In defense, the artillery inflicted as much damage as possible on the attackers to hopefully stop them before they caused significant damage to the defending infantry, or to the artillerymen themselves. If under bombardment, the defending artillery often engaged in “counterbattery” fire to suppress the enemy artillery. It was difficult to locate enemy batteries, however. As already mentioned, artillery was often placed in concealed locations. This fact, combined with smoke from battle, helped to render enemy batteries nearly invisible.
At War’s outset, the cavalry was often relegated to minor combat roles, which included its use for reconnaissance, to guard supply and transportation lines, and to picket roads and bridges in advance of the army. Cavalry assumed a moderately combative role when used to raid enemy supply and communications lines. However, to disrupt enemy activity and to gather intelligence, not prolonged combat, were the goals of such raids.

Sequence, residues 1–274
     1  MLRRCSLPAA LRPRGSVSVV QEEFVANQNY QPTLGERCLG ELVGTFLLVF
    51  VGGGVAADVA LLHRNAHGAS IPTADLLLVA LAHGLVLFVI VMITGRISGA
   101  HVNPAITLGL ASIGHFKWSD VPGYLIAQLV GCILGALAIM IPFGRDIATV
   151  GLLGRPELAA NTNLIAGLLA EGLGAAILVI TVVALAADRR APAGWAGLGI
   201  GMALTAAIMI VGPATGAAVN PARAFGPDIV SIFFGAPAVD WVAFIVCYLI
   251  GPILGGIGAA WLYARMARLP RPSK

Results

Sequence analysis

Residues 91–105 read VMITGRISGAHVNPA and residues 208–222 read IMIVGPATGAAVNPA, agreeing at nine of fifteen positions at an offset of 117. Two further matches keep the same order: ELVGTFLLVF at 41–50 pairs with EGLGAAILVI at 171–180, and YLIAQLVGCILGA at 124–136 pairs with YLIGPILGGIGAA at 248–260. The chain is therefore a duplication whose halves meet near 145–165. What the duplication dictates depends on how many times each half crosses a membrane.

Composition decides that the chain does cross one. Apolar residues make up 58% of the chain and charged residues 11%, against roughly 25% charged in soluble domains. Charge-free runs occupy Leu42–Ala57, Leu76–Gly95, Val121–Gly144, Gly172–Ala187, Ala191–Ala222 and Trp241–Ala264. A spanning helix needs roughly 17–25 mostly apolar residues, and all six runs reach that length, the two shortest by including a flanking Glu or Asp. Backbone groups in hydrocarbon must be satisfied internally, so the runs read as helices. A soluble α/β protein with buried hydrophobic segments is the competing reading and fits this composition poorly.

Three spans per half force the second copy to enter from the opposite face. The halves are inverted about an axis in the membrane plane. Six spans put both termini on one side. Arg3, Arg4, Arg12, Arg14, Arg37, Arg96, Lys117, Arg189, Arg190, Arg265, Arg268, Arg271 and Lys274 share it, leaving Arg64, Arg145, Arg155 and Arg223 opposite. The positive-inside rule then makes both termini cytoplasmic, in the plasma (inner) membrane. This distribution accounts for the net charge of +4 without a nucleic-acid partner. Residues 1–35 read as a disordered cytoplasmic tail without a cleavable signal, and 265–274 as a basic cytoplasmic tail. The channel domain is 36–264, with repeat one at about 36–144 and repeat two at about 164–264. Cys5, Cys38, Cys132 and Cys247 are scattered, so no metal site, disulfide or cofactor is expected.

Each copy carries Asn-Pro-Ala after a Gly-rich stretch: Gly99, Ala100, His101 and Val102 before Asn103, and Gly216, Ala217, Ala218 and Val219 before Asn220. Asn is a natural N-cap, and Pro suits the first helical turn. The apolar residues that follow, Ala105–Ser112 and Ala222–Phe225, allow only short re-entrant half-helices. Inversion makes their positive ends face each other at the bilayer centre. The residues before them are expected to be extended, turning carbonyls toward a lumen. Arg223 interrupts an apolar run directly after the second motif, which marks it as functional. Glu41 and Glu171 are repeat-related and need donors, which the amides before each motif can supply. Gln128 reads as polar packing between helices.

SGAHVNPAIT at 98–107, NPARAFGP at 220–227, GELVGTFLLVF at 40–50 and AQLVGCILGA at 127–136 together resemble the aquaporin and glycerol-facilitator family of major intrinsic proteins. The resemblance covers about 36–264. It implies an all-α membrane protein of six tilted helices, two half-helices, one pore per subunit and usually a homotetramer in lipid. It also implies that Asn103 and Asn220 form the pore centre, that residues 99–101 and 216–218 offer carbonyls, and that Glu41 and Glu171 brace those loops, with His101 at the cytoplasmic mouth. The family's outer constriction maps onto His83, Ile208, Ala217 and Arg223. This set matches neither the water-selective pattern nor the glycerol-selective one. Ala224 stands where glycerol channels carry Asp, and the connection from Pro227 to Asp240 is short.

Combat tactics for cavalry early in the war usually included a massed charge, with drawn sabers, on the enemy to put him to rout. Fortunately for the cavalry, this didn’t occur often. It was recognized that the larger infantry units, with greater firepower, would have decimated the cavalry that attempted such a feat, unless the infantry was already severely disorganized, demoralized, or otherwise damaged. As a result, combat activity for cavalry in the War’s early years was often limited to combat with enemy cavalry and/or small unit actions.
As the War progressed, skillful and innovative cavalry commanders were recognized and weaponry improved, so Cavalry units evolved to become rapid and powerful combat forces.